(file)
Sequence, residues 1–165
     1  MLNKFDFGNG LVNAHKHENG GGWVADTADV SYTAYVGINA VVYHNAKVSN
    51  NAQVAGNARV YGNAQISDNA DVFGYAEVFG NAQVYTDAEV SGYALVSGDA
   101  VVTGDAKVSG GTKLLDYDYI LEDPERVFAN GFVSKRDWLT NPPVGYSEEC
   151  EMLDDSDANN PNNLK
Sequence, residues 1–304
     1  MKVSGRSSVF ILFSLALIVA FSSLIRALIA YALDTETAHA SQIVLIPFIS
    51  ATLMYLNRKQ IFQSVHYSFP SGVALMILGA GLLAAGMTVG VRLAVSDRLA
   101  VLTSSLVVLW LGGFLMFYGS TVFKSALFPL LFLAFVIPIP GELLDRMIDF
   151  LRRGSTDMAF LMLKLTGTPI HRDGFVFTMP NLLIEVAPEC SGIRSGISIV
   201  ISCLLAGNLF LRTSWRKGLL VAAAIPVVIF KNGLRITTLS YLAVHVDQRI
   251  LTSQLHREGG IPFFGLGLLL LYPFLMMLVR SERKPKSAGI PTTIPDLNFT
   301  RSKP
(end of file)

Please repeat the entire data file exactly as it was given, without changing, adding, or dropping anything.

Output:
Sequence, residues 1–165
     1  MLNKFDFGNG LVNAHKHENG GGWVADTADV SYTAYVGINA VVYHNAKVSN
    51  NAQVAGNARV YGNAQISDNA DVFGYAEVFG NAQVYTDAEV SGYALVSGDA
   101  VVTGDAKVSG GTKLLDYDYI LEDPERVFAN GFVSKRDWLT NPPVGYSEEC
   151  EMLDDSDANN PNNLK
Sequence, residues 1–304
     1  MKVSGRSSVF ILFSLALIVA FSSLIRALIA YALDTETAHA SQIVLIPFIS
    51  ATLMYLNRKQ IFQSVHYSFP SGVALMILGA GLLAAGMTVG VRLAVSDRLA
   101  VLTSSLVVLW LGGFLMFYGS TVFKSALFPL LFLAFVIPIP GELLDRMIDF
   151  LRRGSTDMAF LMLKLTGTPI HRDGFVFTMP NLLIEVAPEC SGIRSGISIV
   201  ISCLLAGNLF LRTSWRKGLL VAAAIPVVIF KNGLRITTLS YLAVHVDQRI
   251  LTSQLHREGG IPFFGLGLLL LYPFLMMLVR SERKPKSAGI PTTIPDLNFT
   301  RSKP